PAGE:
When both partners are home everyday, they would hire help for every other day to have time off to recuperate.

Families with twins will want help daily, and ideally nightly, until sleep settles into a predictable and consistent pattern.

When there is a toddler in the family who isn’t yet in school, have a daytime nanny dedicated to ensuring this child has care and attention and a postpartum doula for the new baby.

A family with a live-in nanny who works during the day, may choose to hire night help and weekend support as well.

Some families have support every night, even 24/7 care, up to a year and beyond.

Read More

The Complete Guide to Postpartum Wellness

Natural Health after Birth: The Complete Guide to Postpartum Wellness by Aviva Jill Romm

With so much focus on the pregnancy and birth, many new parents are taken by surprise with the demands of newborn care and the mother’s need for rest after childbirth.

One of my favorite books for planning for postpartum care is Natural Health after Birth, The Complete Guide to Postpartum Wellness by Aviva Jill Romm. I discovered this book after the birth of my first baby and I remember thinking, I wish I would have known about this book during my pregnancy, it would have given me so much more perspective on planning for after the birth. I especially appreciated the recipes for teas and nourishing foods.

The Complete Guide to Postpartum Wellness

This book reads as if you are speaking with your no-nonsense friend, who did all the research already and has a balanced view of western and eastern medicine and care. In chapter two, which is titled: New-Mother Care around the World, we receive an overview of postpartum traditions from different cultures.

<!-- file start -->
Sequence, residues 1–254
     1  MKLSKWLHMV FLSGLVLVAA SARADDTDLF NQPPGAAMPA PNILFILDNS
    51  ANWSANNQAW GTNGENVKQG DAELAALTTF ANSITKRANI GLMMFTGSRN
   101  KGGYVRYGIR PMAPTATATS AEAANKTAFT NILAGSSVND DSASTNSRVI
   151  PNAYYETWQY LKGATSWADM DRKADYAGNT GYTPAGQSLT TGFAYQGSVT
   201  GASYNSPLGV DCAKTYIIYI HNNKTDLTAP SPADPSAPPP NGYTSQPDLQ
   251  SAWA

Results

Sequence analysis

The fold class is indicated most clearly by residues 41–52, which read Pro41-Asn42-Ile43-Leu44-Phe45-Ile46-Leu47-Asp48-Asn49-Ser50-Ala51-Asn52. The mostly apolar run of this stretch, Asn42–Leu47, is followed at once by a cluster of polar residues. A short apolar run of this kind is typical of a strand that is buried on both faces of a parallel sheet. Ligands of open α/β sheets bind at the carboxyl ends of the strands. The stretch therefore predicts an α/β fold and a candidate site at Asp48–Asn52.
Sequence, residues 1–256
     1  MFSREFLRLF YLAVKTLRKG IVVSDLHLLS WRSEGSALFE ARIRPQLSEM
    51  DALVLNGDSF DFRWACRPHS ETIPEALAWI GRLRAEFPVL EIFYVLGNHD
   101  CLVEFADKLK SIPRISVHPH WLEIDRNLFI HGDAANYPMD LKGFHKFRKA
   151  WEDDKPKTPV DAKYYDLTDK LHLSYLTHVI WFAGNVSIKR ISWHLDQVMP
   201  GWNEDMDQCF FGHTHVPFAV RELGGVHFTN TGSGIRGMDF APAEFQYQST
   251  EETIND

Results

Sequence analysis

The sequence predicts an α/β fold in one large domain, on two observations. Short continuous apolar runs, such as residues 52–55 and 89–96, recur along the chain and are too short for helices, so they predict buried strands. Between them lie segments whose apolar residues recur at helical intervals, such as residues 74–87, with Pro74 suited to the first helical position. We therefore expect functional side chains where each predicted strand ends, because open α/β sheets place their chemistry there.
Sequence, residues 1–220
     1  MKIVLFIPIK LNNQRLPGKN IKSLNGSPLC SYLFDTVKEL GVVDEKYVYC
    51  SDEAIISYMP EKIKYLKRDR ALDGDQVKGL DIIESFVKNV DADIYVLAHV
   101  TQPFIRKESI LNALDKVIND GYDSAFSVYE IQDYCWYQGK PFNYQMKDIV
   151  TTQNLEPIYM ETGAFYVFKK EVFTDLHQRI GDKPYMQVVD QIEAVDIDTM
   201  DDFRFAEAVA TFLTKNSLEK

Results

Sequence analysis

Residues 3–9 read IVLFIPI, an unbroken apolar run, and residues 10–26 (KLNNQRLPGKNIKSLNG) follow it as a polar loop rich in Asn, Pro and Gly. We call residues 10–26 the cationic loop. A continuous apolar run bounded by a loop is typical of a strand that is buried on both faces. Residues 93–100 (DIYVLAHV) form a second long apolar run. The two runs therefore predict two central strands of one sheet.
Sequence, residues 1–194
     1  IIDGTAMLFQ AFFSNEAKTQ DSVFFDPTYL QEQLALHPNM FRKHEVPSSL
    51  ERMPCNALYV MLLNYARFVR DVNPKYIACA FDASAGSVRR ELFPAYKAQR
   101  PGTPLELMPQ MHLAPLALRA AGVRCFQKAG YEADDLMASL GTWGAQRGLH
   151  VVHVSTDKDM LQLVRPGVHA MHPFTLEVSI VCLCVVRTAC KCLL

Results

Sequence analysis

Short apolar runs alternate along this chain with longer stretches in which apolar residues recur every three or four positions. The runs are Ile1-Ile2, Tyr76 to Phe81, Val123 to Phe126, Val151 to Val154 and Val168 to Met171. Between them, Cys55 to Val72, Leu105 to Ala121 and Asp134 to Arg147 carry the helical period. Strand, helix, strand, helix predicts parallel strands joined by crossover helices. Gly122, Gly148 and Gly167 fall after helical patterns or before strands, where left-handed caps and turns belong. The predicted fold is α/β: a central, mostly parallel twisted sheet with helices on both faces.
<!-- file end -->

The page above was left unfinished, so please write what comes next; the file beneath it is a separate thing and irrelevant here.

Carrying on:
Throughout the book each chapter stands alone, the first half of the book gives more of an in-depth summary of becoming a mother and planning for postpartum, while the second half of the book guides you through common ailments experienced by mama and baby during the fourth trimester.

There are sections we can turn to for answers about returning to work, breastfeeding, bonding with a new baby and intimacy. Aviva also focuses on the father or partner’s role in postpartum care, how to create a support circle and asking for professional help when necessary.

The author is a mother, doctor, midwife and herbalist, trained in internal medicine at Yale, who specializes in integrative medicine for women and children. I highly recommend this book to pregnant and new mothers, as well as family members who will be caring for you postpartum.

fourth trimester

The Fourth Trimester and Postpartum Care

The fourth trimester is the baby’s transition to being outside of the womb during the 12 weeks immediately following birth.

One-reason parents often find themselves hustling to find a postpartum doula after the baby has been born is they’re having challenges coping with the changes brought by the fourth trimester.

A healthy infant’s goal is survival and it’s a 24-hour job meeting these needs, which are especially challenging when it’s the middle of the night, you’re exhausted and your baby is communicating in one of the only ways they know how: crying.

fourth trimester


Common challenges include, but are not limited to:

1. Newborns often have their days and nights mixed up, so you might see them fall into a pattern of resting more during the day and waking more to feed at night.

2. Intermittent growth spurts during the first 12 weeks of life, they usually last 2-3 days and baby can appear fussy, hard to settle and feed more often.

3. Baby will only sleep while being held and wakes as soon as you put them down in their bassinet or crib.

4. Doing everything to comfort your baby, checking the diaper, feeding, cuddling, and making sure their clothing is comfortable, the room temperature is appropriate, and they still will not settle into sleep easily.

5. Parental sleep deprivation: getting less uninterrupted sleep per night than what is recommended for your body to function optimally.

By having a postpartum doula, parents receive assistance with understanding their baby’s cues accurately. They gain the tools necessary to meet their baby’s needs with confidence, which helps the entire family to be happier and better rested.

Reference: The Fourth Trimester: Understanding, Protecting, and Nurturing an Infant through the First Three Months by Susan Brink